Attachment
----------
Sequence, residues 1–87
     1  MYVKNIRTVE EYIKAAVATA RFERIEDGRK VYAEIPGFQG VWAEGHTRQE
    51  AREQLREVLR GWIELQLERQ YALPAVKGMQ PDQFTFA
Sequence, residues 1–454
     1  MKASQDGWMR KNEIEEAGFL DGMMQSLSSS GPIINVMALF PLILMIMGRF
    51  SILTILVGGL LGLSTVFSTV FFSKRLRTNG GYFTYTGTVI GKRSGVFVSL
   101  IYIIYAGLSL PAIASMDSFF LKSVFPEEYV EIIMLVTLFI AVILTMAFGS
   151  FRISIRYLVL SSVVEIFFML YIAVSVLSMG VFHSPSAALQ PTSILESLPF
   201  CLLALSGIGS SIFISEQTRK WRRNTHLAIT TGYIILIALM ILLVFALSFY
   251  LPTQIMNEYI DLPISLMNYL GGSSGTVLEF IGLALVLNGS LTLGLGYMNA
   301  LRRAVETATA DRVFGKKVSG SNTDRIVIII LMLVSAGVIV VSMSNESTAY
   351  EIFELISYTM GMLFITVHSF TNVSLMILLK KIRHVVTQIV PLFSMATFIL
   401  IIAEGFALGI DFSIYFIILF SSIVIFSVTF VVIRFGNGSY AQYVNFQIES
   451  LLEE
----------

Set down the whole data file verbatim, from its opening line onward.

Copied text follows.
Sequence, residues 1–87
     1  MYVKNIRTVE EYIKAAVATA RFERIEDGRK VYAEIPGFQG VWAEGHTRQE
    51  AREQLREVLR GWIELQLERQ YALPAVKGMQ PDQFTFA
Sequence, residues 1–454
     1  MKASQDGWMR KNEIEEAGFL DGMMQSLSSS GPIINVMALF PLILMIMGRF
    51  SILTILVGGL LGLSTVFSTV FFSKRLRTNG GYFTYTGTVI GKRSGVFVSL
   101  IYIIYAGLSL PAIASMDSFF LKSVFPEEYV EIIMLVTLFI AVILTMAFGS
   151  FRISIRYLVL SSVVEIFFML YIAVSVLSMG VFHSPSAALQ PTSILESLPF
   201  CLLALSGIGS SIFISEQTRK WRRNTHLAIT TGYIILIALM ILLVFALSFY
   251  LPTQIMNEYI DLPISLMNYL GGSSGTVLEF IGLALVLNGS LTLGLGYMNA
   301  LRRAVETATA DRVFGKKVSG SNTDRIVIII LMLVSAGVIV VSMSNESTAY
   351  EIFELISYTM GMLFITVHSF TNVSLMILLK KIRHVVTQIV PLFSMATFIL
   401  IIAEGFALGI DFSIYFIILF SSIVIFSVTF VVIRFGNGSY AQYVNFQIES
   451  LLEE